Si­b­ley and Stokes knuckle down to re­store or­der on day of chaos

Opener hits un­beaten 86 as Eng­land reach 207 for three West Indies pace at­tack looks jaded and fails to seize con­trol

The Daily Telegraph - Business - - Sport Second Test - By Nick Hoult

Dom Si­b­ley pro­vided the calm­ing in­flu­ence Eng­land badly needed on a chaotic day as West Indies wasted an op­por­tu­nity to seize hold of this match and the se­ries.

The Eng­land play­ers woke to a text mes­sage sum­mon­ing them to a team meet­ing to be told that Jofra Archer had been put in soli­tary con­fine­ment and their plans for this match ripped up at the last minute.

What they needed was a solid bat­ting dis­play in dif­fi­cult con­di­tions to steady nerves and re­fo­cus on beat­ing West Indies and lev­el­ling the se­ries.

In Si­b­ley they have an open­ing bats­man who will never in­spire crowds to rush to take their seats for ball one of the day, and if there had been a crowd at the ground yes­ter­day most of them would have spent it in the beer tent and drifted away early, but his un­beaten 86 from 253 balls over the course of six hours was just what his team needed, guid­ing them to 207 for three.

He has a very lim­ited range of strokes, an open, ugly stance and scores so heav­ily on the leg side that at one stage West Indies barely both­ered de­fend­ing it when the off­spin­ner was turn­ing it into his pads, sta­tion­ing three men, one in the deep, at mid­wicket.

But Si­b­ley has fo­cus and the drive to suc­ceed, prov­ing to Eng­land dur­ing lock­down he could im­prove his life­style by los­ing nearly two stones in weight to pre­pare for the sum­mer. He showed the same ap­pli­ca­tion out in the mid­dle to re­sist temp­ta­tion to make his sec­ond suc­ces­sive fifty. He had luck, too, and was twice dropped, but was pa­tient and has set it up for the mid­dle or­der to at­tack to­day.

He was part­nered by Ben Stokes, 59 not out, in an un­bro­ken fourth­wicket stand of 126 and the lat­ter was equally dis­ci­plined. He gave away his wicket twice in the first Test but this time he showed bet­ter con­trol and has the op­tion to­day of go­ing on the of­fen­sive, as Eng­land have plenty of bat­ting in the side with Sam Cur­ran and Chris Woakes two of four changes to the side beaten in Southamp­ton. West Indies wasted the new ball, their at­tack leader Shan­non Gabriel was only half fit and they were flat in the field, drop­ping Si­b­ley on 44 and 68.

With Eng­land in tur­moil yes­ter­day, Aus­tralia would have crushed them, but West Indies let it slip.

Light rain de­layed the start and the clouds con­vinced both cap­tains to bowl if they won the toss de­spite teams opt­ing to bat first in ev­ery Test at Old Traf­ford since 1993. The pitch will turn as it wears but both Ja­son Holder and Joe Root be­lieved wick­ets in cloudy con­di­tions with the new ball on day one of­fered their best hope. Eng­land’s changes, at least, would have given Root a fresh at­tack. But West Indies re­mained un­changed and their bowlers were weary. With the first ses­sion re­duced to an hour and the light gloomy, it was a per­fect time to be bowl­ing but there were too many poor balls from all seam­ers.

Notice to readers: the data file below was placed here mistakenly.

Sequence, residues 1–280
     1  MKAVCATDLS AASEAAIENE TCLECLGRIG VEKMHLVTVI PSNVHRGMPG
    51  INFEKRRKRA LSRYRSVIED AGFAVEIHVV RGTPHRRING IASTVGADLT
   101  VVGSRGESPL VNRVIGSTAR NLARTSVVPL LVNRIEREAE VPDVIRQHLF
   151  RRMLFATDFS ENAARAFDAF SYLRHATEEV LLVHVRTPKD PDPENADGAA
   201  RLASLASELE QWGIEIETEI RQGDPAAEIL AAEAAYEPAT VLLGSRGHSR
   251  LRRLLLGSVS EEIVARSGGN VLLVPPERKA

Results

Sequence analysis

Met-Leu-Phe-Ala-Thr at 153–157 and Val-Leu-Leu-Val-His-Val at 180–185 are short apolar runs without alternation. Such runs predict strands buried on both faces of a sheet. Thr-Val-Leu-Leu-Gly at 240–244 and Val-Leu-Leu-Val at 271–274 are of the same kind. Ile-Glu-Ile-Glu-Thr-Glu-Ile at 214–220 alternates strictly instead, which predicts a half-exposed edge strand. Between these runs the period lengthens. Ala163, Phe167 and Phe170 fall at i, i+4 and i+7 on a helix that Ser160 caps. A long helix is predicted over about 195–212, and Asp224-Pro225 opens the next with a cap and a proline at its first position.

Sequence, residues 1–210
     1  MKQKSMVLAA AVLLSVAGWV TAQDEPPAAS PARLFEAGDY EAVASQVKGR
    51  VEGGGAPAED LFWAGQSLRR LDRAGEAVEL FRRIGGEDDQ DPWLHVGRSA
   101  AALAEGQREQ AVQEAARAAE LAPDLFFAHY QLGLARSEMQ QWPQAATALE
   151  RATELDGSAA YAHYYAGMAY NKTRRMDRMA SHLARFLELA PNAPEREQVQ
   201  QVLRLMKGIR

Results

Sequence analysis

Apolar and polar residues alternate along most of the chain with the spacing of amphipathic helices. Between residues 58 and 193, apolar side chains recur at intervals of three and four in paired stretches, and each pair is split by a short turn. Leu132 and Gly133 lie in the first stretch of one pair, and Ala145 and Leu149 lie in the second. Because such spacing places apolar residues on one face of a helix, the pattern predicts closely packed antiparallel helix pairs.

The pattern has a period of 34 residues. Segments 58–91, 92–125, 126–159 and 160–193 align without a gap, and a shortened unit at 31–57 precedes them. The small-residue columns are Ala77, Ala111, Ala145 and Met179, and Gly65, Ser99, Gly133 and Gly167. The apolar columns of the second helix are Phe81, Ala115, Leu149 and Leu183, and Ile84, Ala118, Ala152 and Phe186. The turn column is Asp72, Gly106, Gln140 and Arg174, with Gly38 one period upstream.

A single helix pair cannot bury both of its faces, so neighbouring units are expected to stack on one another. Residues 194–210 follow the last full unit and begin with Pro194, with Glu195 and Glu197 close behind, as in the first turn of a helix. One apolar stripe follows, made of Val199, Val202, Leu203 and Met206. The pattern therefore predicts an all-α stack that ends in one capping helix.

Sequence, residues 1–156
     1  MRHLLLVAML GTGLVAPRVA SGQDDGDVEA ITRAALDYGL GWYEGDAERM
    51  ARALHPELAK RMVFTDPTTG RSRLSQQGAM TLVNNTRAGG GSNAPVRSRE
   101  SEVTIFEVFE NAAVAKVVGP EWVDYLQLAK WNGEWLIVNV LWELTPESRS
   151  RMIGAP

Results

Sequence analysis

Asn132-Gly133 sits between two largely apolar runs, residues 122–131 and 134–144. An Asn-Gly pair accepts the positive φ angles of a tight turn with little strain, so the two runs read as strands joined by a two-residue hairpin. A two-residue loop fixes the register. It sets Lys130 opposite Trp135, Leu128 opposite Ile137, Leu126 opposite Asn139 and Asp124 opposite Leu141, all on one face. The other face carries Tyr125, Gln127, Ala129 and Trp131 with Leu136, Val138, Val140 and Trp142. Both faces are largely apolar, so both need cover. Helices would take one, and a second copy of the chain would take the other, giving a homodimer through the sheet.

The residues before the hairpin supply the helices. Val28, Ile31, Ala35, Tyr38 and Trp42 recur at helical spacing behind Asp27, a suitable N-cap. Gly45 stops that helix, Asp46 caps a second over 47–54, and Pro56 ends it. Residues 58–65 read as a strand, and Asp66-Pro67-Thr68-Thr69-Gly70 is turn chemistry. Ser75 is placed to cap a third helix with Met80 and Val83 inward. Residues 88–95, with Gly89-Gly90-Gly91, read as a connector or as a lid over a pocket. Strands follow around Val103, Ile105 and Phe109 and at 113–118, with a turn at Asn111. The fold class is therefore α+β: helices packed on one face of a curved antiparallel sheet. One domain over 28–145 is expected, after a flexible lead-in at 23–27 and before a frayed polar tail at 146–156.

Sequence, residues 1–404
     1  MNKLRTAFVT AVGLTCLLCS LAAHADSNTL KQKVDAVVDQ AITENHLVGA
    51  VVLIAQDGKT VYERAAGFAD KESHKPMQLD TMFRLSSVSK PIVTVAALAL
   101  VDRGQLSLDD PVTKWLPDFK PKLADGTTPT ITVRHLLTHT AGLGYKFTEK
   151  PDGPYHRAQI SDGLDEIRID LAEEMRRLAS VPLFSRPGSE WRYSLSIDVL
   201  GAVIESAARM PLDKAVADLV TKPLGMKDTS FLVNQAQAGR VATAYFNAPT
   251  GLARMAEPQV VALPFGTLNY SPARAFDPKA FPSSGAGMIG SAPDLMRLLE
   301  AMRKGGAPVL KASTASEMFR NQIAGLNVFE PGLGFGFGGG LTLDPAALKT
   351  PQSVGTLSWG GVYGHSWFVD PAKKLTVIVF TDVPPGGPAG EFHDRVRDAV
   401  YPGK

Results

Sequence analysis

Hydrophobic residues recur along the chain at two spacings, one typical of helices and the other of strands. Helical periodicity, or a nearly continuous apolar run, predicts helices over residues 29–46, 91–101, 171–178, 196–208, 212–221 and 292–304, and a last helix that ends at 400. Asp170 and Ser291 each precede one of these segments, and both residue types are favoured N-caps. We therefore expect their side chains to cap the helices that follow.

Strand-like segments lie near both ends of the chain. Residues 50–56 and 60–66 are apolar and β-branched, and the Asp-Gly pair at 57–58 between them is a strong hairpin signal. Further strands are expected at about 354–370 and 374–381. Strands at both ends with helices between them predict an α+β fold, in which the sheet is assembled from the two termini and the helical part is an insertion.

Holder turned to Ros­ton Chase for the oblig­a­tory one over of spin to run the clock down be­fore lunch. It was al­most an ad­mis­sion of fail­ure that he had to sum­mon the off­spin­ner in the first ses­sion of the match with the flood­lights on.

Rory Burns has de­vel­oped a

habit of get­ting in but not stay­ing around long enough to in­flu­ence the match. He played for too much turn against Chase and was beaten by a ball that straight­ened. Wast­ing a re­view com­pounded the er­ror.

Zak Craw­ley’s dis­missal was the dozi­est thing done by an Eng­land player yes­ter­day not called Archer. Holder po­si­tioned him­self at leg slip for the first ball af­ter lunch and Craw­ley gra­ciously obliged by guid­ing the ball straight into his hands to put Chase on a hat-trick.

Fac­ing a hat-trick ball was not ideal for Root in his first in­nings for more than four months. He played sketchily and tried too hard to force the pace while Si­b­ley sleep­walked at the other end. Eng­land were get­ting on top and when Gabriel went off for treat­ment on his thigh, they had a chance to re­ally press the ad­van­tage but Root drove hard at a wide ball from Alzarri Joseph that Holder held at sec­ond slip.

West Indies did not at­tack Si­b­ley enough with the short ball. He was pa­tient to wait for the straight delivery that he could work on to the leg side and his ef­forts were ap­pre­ci­ated by Root who banged on the dress­ing room win­dow when he reached his half-cen­tury off 164 balls with two fours, both scored through third man. Root does not care that Si­b­ley chugs along, here at one an over, like a driver con­tent to sit in the mid­dle lane.

It is a test of a player’s pa­tience to bat with Si­b­ley be­cause stroke­mak­ers like Stokes and Root have to ac­cept they will spend a long time at the non-striker’s end. It could be why Root played such a loose shot but Stokes can be mea­sured and he chose his mo­ments to at­tack.

He struck Chase down the ground for six and used the slog sweep, a risky shot against a spin­ner on a bouncy Old Traf­ford pitch, to add ur­gency to the in­nings.

They crept up to a fifty stand off 156 balls thanks to Si­b­ley be­ing dropped at short leg off Chase, and on 68, a much more straight­for­ward chance by Holder at sec­ond slip off Gabriel. He was so in­censed he lost his line in his next over and bowled a wide to sec­ond slip, which at least Holder caught this time.

Close call: Dom Si­b­ley makes his ground de­spite the best ef­forts of West Indies wick­et­keeper Shane Dowrich

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